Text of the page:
<meta http-equiv="refresh" content="1; url=/nojavascript/"> Surface Area of Spheres ( Read ) | Geometry | CK-12 Foundation
Dismiss
Skip Navigation
You are viewing an older version of this Concept. Go to the latest version.

Surface Area of Spheres

%
Progress
Practice Surface Area of Spheres
Practice
Progress
%
Practice Now
Surface Area of Spheres

Have you ever made a pinata? Have you ever smashed one? Take a look at this dilemma.

The Olympics at Montgomery Middle School was a huge success. The students and guests had a terrific time and all decided that this event would be an annual event from now on.

For the final celebration, the students hosted a huge party in the gymnasium. Joe took on creating a piñata that students could enjoy. In fact, he made four of them for the party. When finished with the basic shape, Joe began decorating the sphere shaped piñata with green construction paper.

Each sphere has a radius of 2.4 feet and Joe made four piñatas. How much construction paper will he need to cover each piñata completely?

Figuring out the surface area of a sphere can be a tricky thing to figure out. For this problem, you will need to know how to solve for the surface area of a sphere. Pay close attention throughout this Concept and you will know how to solve the problem by the end of it.

Guidance

A sphere is a solid figure that exists in three-dimensional space. Spheres consist of all the points that are equidistant from a center point. Every point on the sphere is the distance of the radius from the center. Spheres are perfectly round.

Did you know you can calculate the surface area of a sphere? Do you know how to do this?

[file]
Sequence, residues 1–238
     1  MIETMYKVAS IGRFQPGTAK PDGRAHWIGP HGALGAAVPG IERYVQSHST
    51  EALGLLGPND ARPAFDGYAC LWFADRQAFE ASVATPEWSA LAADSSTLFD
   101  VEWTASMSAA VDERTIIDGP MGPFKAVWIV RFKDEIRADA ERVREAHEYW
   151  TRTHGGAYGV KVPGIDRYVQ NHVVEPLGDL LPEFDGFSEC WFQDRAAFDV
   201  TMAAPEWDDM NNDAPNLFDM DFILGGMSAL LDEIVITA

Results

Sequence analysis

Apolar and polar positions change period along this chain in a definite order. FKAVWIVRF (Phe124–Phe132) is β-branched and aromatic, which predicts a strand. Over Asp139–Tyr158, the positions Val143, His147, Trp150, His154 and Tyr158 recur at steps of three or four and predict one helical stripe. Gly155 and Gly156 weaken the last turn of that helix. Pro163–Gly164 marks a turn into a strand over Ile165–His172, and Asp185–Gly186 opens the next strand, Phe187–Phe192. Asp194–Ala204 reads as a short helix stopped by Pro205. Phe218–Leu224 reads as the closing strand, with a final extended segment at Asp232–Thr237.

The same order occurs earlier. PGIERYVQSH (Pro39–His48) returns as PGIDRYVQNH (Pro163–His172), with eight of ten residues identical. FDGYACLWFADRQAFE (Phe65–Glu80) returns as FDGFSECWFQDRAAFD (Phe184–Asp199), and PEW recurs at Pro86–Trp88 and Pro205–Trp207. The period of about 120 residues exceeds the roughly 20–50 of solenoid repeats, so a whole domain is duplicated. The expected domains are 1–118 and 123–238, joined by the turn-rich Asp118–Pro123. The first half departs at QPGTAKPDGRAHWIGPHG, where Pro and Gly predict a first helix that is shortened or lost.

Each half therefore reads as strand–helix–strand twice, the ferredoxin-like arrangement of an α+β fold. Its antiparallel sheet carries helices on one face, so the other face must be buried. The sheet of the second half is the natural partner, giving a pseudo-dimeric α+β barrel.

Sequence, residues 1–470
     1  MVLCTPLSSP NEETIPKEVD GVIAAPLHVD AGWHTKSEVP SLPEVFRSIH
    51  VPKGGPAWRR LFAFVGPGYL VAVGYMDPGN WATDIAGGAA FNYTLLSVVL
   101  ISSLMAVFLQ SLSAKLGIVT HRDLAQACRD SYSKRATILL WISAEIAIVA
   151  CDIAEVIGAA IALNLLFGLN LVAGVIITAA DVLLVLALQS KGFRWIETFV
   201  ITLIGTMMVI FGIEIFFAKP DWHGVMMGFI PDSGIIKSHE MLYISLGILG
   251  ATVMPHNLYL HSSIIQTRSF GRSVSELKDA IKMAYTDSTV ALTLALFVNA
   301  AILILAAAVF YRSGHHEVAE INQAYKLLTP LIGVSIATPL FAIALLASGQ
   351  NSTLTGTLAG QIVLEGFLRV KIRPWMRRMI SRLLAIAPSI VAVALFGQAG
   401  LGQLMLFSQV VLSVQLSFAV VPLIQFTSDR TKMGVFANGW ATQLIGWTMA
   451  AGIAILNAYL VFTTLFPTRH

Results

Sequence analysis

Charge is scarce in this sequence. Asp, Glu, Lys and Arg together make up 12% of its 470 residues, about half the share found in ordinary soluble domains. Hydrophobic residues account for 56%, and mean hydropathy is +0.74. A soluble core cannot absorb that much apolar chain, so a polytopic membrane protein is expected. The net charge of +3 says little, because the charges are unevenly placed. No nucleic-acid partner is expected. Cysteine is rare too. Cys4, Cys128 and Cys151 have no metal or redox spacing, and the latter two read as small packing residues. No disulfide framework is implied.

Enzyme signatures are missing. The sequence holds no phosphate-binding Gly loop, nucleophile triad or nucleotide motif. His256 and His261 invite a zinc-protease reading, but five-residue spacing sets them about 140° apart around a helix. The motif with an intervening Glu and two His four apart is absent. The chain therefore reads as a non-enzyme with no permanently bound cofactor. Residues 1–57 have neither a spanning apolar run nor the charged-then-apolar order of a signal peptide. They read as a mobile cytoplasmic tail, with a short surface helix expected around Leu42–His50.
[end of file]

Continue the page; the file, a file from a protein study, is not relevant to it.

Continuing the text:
First, think about surface area.

Surface area is the total of the areas of each face in a solid figure.

Spheres do not have any faces because they are round. Still, we can think of its surface as a flat plane that we can unroll. Imagine you could wrap a sphere in wrapping paper, like a present. The amount of wrapping paper needed to cover the figure exactly represents its surface area.

If we could “unroll” the sphere and show it as a rectangle, the rectangle would have a width that is equivalent to the diameter of the sphere. Its length would be the same as the circumference of the sphere (recall that circumference is the distance around a circle). Now this gives us something we can work with, because we can use the area formula for rectangles to find the area of the “unrolled” sphere.

The formula for the area of rectangles is A = lw . In other words, we multiply the length and the width. Now let’s think about this in terms of the sphere. We have said that the length is the same as the circumference and that the width is the same as the diameter. This gives us A = Cd . Now let’s substitute the formula for circumference in for C , which is 2 \pi r , where r is the radius. Now we have A = 2 \pi rd . There’s one more substitution we can make to make the calculations easier. Remember, the diameter of a circle or sphere is exactly twice the radius. Let’s us 2r instead of d . Now we have A = 2 \pi r \times 2r . Finally, we can simplify this by multiplying to get 4 \pi r^2 . Let’s sum all of this up:

A & =  l \times w\\A & =  C \times d\\A & =  2 \pi r \times 2r\\SA & = 4 \pi r^2

The formula for finding the surface area of a sphere is 4 \pi r^2 .